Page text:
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By Stephen Rebello
Having first made his mark on the art world in the late 1980s with meticulously detailed, adroitly observed, and emotionally resonant depictions of North American and African wildlife, Edward “Ned” Aldrich might reasonably be expected to have been born and raised studying nature in far-flung wide-open spaces. Except that he was born and spent his childhood in that ultimate metropolis, Manhattan.
Having been widely exhibited and having written a definitive 1998 book called Drawing and Painting Animals: How to Capture the Essence of Wildlife Art, he could easily devote an entire creative career to artistically rendering the primates, exotic birds, and members of the cat family that have evoked such admiring responses from critics and collectors. Yet not only has he furthered his range by successfully branching into plein-air landscapes and bronze sculptures, but also his style and technique are constantly evolving. His searching intellect, desire for betterment, and restless spirit demand that he push his own boundaries—perhaps in some entirely new directions.
For Aldrich, 39 and based in Golden, CO, there is no other way to function creatively and probably never has been. Born to a stockbroker father and a mother who raised him and his brothers while working as an interior decorator and wildlife photographer published in such magazines as National Geographic, Aldrich found his artistic footing very early in the game. Says the warm, outgoing artist, whose older brother is a musician and whose younger brother is a graphic artist, “I come from a family of people who didn’t want normal jobs. My whole family is artistically driven, so, oddly enough, my father was the black sheep because he was the more normal one who worked on Wall Street and hung out with the intellectual side of his brain. He was definitely kind of in awe at how all of us wanted to do creative things, but just reveled in the passion we all had for what we were doing.
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“As early as 5 years old, I know that art was something very special to me, and by the time I was in grade school, there was no other possibility for me. In high school I was considered the ‘artist guy,’ and even though all through high school counselors warned my mom, ‘This art thing is nice, but he really needs some normal education,’ she fought against that and supported me so much. I knew exactly what I wanted to do, and even then I sure wasn’t going to go to a ‘normal’ college.”
Aldrich’s parents divorced when he was 8, and his mother relocated the children to the woodsy upstate New York town of Mt. Kisco. Two years later when his mother briefly remarried, Aldrich and his brothers moved for nine months to Nederland, CO, just west of Boulder. He would spend the rest of his formative years trying to get back there. He recalls, “We roughed it, living during the winter months in a cabin with only a wood-burning stove for heat, an outhouse shower, and surrounded by mountains and forests. We had a couple of acres, and I could just run out and have the wildest time. It was heaven for me. From early on, I was captivated by wildlife and nature. It’s something that’s deep inside that I don’t know the origin of. There wasn’t even a starting point, just literally something that’s always been there.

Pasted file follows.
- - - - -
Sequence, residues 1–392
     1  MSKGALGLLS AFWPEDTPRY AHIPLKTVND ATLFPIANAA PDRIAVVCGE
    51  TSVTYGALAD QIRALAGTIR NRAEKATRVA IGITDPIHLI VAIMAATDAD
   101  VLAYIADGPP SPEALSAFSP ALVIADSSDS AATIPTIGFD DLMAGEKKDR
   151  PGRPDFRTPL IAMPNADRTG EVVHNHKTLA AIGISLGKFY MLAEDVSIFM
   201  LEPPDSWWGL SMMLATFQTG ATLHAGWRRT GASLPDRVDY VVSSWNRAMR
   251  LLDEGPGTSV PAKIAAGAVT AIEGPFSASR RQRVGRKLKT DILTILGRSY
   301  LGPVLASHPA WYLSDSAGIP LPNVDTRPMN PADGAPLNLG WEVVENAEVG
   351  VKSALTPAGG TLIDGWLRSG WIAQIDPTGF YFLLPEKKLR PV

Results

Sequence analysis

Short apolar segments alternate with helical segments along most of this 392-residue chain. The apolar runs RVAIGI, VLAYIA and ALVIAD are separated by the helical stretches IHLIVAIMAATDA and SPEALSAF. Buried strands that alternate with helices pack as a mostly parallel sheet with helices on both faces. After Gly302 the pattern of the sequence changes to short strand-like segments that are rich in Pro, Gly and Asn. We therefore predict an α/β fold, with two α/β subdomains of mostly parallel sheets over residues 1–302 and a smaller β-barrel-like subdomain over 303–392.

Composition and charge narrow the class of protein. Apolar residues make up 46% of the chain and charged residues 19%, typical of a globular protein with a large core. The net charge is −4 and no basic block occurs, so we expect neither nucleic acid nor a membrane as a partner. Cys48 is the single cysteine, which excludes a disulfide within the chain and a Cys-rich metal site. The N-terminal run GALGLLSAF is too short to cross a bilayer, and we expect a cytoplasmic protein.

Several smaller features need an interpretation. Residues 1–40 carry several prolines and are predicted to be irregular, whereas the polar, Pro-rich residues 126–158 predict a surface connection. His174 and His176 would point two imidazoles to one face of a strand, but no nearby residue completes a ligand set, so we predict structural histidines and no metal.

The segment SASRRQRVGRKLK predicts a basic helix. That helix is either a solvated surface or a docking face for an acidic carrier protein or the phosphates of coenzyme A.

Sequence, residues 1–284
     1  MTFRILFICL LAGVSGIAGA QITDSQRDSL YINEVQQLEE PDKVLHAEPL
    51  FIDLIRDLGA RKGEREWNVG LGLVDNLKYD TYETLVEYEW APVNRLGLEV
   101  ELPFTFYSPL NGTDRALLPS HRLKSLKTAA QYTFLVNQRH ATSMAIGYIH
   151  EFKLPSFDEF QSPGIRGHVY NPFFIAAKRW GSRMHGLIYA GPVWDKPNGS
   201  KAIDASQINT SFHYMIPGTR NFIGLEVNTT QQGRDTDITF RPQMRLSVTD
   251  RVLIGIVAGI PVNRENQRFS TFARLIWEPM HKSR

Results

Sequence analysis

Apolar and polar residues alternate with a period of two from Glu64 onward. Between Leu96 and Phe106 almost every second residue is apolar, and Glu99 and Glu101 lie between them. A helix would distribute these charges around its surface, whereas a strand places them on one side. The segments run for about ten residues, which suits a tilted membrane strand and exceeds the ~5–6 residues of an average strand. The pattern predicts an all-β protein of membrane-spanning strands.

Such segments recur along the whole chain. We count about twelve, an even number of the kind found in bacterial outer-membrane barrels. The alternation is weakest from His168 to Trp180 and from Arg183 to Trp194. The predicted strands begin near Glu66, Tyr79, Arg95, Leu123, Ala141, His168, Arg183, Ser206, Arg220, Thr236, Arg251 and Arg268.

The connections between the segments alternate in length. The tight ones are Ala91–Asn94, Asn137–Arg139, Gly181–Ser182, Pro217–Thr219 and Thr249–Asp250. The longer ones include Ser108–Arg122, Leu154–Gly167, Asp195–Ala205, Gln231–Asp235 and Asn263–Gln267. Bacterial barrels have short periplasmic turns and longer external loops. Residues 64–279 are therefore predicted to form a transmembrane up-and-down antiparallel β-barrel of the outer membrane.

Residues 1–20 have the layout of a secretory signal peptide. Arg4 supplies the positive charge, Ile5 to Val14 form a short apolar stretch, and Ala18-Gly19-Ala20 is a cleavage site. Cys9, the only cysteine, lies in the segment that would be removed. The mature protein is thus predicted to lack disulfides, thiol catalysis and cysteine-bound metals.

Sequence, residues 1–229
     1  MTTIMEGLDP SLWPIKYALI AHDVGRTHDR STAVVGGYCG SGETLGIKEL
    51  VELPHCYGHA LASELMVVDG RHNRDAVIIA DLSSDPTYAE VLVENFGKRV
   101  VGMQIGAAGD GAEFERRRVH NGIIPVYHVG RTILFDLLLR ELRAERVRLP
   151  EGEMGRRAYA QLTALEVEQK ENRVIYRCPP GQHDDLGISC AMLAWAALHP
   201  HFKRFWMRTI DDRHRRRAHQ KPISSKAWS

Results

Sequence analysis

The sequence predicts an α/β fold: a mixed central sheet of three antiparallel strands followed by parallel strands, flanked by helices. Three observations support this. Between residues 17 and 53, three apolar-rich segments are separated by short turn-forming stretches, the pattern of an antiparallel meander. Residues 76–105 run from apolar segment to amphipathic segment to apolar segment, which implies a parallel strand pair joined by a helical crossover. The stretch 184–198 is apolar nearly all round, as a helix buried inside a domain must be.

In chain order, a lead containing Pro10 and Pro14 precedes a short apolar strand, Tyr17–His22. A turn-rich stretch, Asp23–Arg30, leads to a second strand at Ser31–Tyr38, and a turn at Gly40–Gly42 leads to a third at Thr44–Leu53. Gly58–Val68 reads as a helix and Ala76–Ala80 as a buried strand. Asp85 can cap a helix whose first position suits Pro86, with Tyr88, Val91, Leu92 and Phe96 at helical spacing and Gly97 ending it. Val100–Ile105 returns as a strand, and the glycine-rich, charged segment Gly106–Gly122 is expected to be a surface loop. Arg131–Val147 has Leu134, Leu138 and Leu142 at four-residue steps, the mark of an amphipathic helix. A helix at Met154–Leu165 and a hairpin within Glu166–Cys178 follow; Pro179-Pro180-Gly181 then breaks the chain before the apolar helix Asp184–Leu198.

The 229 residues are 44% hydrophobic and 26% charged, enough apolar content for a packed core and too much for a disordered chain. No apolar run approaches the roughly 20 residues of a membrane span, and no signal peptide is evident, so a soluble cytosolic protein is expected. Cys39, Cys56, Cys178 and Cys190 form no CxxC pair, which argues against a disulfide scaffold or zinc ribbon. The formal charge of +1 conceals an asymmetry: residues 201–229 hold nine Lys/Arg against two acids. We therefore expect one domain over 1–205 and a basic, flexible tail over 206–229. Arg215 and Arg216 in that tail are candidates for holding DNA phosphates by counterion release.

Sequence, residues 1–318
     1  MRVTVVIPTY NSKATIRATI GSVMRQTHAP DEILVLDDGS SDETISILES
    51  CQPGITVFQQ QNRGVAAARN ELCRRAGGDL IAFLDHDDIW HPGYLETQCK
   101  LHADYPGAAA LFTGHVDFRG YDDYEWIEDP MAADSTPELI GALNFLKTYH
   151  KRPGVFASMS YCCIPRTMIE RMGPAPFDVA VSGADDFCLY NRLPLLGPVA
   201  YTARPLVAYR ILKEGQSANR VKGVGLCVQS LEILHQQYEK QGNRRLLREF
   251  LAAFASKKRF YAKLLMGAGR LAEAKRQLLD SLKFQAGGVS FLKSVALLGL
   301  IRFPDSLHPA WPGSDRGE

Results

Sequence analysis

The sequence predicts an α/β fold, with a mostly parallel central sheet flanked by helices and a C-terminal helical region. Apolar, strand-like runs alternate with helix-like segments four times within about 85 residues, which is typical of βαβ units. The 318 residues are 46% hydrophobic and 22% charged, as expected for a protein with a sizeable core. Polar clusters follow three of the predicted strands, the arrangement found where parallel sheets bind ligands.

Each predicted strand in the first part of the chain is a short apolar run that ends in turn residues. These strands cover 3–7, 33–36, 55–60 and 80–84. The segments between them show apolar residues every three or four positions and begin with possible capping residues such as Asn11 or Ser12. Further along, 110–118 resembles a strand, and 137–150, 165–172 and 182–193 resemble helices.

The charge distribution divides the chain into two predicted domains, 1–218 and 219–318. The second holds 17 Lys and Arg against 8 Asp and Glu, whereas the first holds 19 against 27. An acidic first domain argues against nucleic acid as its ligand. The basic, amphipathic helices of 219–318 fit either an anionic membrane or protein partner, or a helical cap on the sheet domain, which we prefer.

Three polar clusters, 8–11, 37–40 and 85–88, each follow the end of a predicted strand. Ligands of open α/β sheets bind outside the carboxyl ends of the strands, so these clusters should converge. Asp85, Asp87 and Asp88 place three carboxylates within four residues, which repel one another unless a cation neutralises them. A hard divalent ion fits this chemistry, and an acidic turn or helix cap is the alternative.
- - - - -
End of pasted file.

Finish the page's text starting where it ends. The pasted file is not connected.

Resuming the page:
“Before I was 7, I’d already started borrowing illustrated books on wildlife from the library, and I’d trace out in crayon the outlines of the animals on the page, leaving horrible deep marks on the books. Pretty soon, I progressed to doing 8-by-10 acrylic paintings of the birds and animals, and I’d create little scenes with aspen trees and mountains, which I did in almost a paint-by-numbers way. I didn’t even know there was such a thing as wildlife art at this point, but my mother was my real mentor and she carried that all the way through high school. In the photographs she took for National Geographic and for calendars she also focused on wildlife, and the two of us would go off on treks together, which was of tremendous benefit to me from a reference standpoint.”
After attending a summer session at the Rhode Island School of Design in 1983, Aldrich enrolled in the school’s four-year program. He recalls, “I wanted to break out, learn new things, explore new avenues rather than just learn for and from myself. I wanted to learn from people who knew better than I. I’ve never seen teachers so dedicated to art and its expression. I was like a kid in a candy store. It was tough, grueling, but a tremendous education.” He spent much of his senior year creating an inventory of wildlife paintings done with acrylics on masonite. On graduating in 1987, Aldrich began what he calls his “long hard road” to life as a working artist by introducing himself and his work to gallery owners all through Colorado, California, and Washington state.
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“You have to be the best artist you can be, but you also have to pound the pavement and put yourself out there in order to see how you’re received,” he reasons. “My intention was to make a living in art because it’s what I really love and wanted to do. I would do whatever I needed to do to make things happen, calling people who knew something about the field and picking their brains about what I could, to get to where I wanted to be.”
What Aldrich had most to show was a technical affinity, a precise brush technique, a splendid sense of light and composition, and an almost psychic attunement to the natural order that placed him in…
Featured in June 20004